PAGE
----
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Nyack College Arts and Sciences News

Adjunct D’Agusto continues art exhibitions success

Posted by Fernando.Arzola on Wednesday July 30, 2014

Marc D’Agusto, Art History adjunct, will have his work displayed at two more shows:

The MFA National Competition at First Street Gallery in Chelsea, NY and an inclusion at Gateway Plaza Gallery's Emerald City Exhibit in Newark NJ.

For information about The First Street Gallery:

For information about The Gateway Project:!gatewaygallery/cfvg

Dr. Yu Honored by Wheaton's Institute of American Evangelicals

Posted by Fernando.Arzola on Saturday July 12, 2014

Dr. Keyone Kale Yu, Assistant Professor of History, was honored by Wheaton College’s Institute for the Study of American Evangelicals. He was selected as one of the winners of the “Diversity in American Evangelicalism” research travel grants. Dr. Yu was recognized for his work on Korean immigrant congregations in the New York City area.

For more information on the ISAE:

Nyack to Partner with Yale's Center for Scientific Teaching

Posted by Fernando.Arzola on Tuesday July 8, 2014

Nyack College has been selected as a Partner Instructor School to join The Center for Scientific Teaching at Yale University’s Small World Initiative: Crowdsourcing the Discovery of Antibiotics.  Numerous experts have recommended that all undergraduate students should be introduced to authentic scientific research at the introductory level, regardless of their major by replacing traditional cookbook labs with lab discovery research courses.  Research has shown that students benefit greatly as discovery-based instruction engages students, allows them to have ownership, stimulates their curiosity, and promotes deep, long lasting learning.

This project exposes students to a very serious and looming worldwide antibiotic crisis – most pharmaceutical companies have moved away from the development of new antibiotics to the pursuit of more lucrative drugs and the majority of the antibiotics that are now available are ineffective due to antibiotic resistance of pathogens.  Consequently, there are increasing incidences in which are no effective drugs available to treat infections.

In the Small World Initiative course students isolate, characterize and identify antibiotic producing bacteria from soil in the hopes of finding novel bacteria.  The majority of antibiotics available today were found in soil dwelling microbes.

Congratulations to Dr. Jacqueline Washington, Chair, and the Department of Natural Sciences for the work toward this distinguished honor.

For further information, please see

Dr. Poston Reviews Book on Second Chinese Enlightenment

Posted by Fernando.Arzola on Monday July 7, 2014

Dr. Larry Poston, Professor of Religion, publishes review on “Theosis, Sino-Christian Theology and the Second Chinese Enlightenment: Heaven and Humanity in Unity” in Missiology: An International Review.

Continuing in the tradition of its predecessor, Practical Anthropology, Missiology is a forum for the exchange of ideas and research between missiologists and others interested in related subjects.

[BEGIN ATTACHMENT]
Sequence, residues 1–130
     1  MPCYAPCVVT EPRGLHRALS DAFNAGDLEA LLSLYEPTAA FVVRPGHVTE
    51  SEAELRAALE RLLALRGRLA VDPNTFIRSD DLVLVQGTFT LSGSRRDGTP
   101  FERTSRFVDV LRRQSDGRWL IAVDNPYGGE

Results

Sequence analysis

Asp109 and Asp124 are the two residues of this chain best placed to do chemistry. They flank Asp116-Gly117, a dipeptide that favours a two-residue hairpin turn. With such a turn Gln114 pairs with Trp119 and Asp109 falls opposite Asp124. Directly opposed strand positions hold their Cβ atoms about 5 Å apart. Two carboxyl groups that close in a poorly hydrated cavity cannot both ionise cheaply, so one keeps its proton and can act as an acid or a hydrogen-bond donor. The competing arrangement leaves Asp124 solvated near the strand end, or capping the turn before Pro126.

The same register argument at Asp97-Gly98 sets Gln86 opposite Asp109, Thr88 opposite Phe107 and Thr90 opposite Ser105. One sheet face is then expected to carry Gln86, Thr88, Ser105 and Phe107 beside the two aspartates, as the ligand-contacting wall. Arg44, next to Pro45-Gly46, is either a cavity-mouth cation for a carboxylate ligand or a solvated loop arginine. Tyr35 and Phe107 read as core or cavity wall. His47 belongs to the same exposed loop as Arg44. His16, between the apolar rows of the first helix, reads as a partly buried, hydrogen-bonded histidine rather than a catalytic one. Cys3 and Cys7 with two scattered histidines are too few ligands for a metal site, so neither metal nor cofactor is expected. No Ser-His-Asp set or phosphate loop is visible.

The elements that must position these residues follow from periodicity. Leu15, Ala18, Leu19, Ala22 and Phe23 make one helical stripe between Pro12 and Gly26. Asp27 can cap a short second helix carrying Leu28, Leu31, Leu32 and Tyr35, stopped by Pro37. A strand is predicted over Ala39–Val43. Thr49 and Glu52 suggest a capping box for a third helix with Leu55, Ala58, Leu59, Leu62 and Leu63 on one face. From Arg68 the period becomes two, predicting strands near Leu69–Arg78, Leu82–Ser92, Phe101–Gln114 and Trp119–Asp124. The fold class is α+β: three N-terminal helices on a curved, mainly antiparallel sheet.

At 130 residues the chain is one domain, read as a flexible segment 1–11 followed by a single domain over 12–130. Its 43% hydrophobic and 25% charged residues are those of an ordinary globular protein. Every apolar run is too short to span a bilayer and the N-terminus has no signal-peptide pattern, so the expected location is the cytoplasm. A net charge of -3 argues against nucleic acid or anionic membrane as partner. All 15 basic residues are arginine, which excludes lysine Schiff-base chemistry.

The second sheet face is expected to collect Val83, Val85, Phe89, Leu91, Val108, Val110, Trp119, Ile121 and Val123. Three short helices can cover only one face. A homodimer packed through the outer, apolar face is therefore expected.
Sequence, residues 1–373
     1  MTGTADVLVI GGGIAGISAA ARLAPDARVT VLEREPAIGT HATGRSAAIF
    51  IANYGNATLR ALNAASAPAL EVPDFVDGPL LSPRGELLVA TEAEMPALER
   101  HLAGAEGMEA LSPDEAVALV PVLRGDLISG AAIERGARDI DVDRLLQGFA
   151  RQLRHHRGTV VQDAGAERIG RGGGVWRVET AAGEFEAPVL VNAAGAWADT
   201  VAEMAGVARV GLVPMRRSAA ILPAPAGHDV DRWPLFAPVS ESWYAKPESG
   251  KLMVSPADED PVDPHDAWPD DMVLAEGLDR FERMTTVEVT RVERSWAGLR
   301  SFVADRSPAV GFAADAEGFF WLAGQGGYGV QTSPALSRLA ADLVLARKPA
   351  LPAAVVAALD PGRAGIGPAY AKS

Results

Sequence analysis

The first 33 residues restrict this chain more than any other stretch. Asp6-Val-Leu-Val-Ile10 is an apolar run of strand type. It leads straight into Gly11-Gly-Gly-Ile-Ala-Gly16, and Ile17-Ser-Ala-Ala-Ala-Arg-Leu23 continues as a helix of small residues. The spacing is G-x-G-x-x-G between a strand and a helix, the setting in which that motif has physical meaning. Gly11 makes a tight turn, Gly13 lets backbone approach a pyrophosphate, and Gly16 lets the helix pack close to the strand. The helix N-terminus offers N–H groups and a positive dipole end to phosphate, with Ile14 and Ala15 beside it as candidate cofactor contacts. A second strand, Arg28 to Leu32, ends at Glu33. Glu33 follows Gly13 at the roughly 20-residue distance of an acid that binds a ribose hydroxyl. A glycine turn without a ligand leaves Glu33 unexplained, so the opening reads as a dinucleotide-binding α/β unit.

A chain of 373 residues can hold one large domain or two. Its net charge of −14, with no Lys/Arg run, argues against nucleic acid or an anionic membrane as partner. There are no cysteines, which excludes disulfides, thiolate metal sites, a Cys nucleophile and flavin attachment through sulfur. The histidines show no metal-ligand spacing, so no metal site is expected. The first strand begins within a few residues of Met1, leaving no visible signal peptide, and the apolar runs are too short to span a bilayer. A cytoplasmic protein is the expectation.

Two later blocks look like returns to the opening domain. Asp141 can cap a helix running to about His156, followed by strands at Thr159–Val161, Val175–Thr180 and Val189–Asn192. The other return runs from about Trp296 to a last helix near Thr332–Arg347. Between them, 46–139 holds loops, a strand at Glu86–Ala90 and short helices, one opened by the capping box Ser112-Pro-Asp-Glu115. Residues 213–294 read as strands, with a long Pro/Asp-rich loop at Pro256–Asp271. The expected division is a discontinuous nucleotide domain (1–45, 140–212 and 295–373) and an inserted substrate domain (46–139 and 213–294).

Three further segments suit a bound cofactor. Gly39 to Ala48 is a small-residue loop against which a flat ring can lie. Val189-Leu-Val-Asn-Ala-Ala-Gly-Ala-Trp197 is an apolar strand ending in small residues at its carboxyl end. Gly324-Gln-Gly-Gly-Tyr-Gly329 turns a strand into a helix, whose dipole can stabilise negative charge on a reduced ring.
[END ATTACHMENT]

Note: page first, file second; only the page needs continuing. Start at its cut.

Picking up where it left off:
To read book review:

For more information on journal:

Dr. Romaine Co-edits Art History Text

Posted by Fernando.Arzola on Monday July 7, 2014

Dr. James Romaine, Associate Professor of Art History, publishes ReVisioing: Critical Methods of Seeing Christianity in the History of Art (Cascade Books, 2014). This anthology of seventeen essays explores the applications of art historical methodologies to the history of Christianity and the visual arts. Over the last two decades, there has been a growing scholarly interest in the rich and diverse history of Christianity and the visual arts. ReVisioning provides strategies for a renewed seeing of this history.


"Romaine and Stratford's collection raises the question of how methodologies of art history--formulated within the secular context of modern academe--have failed and succeeded at understanding the Christian content of works of art. The question becomes urgent when the artworks under examination are also from the modern period and thus suffer from the doubling of denial of Christian content, but the collection is also enriched by material from earlier periods of art.''
--Natasha Seaman, Rhode Island College

''ReVisioning delivers on the nuanced promise in its subtitle; it sustains intellectual sophistication while it revises, reconsiders, and reimagines the rich threads in the fabric of critical Christianity. The more than fifteen thoughtful essays venture courageously into the space within academe too often dismissed, suppressed, or maligned--that is to say, the space of the sacred. . . . Its essays, spanning the history of artistic production from the medieval to the moderns in a mix of fresh, critical perspectives, go a long way to restore the relevance of mystery, transcendence, and dare it be said, the sacred, to what I hope is an ongoing conversation on theological aesthetics. ReVisioning is a courageous and long-overdue stake in the ground.''
--Ronald R. Bernier, Wentworth Institute of Technology
For more information:

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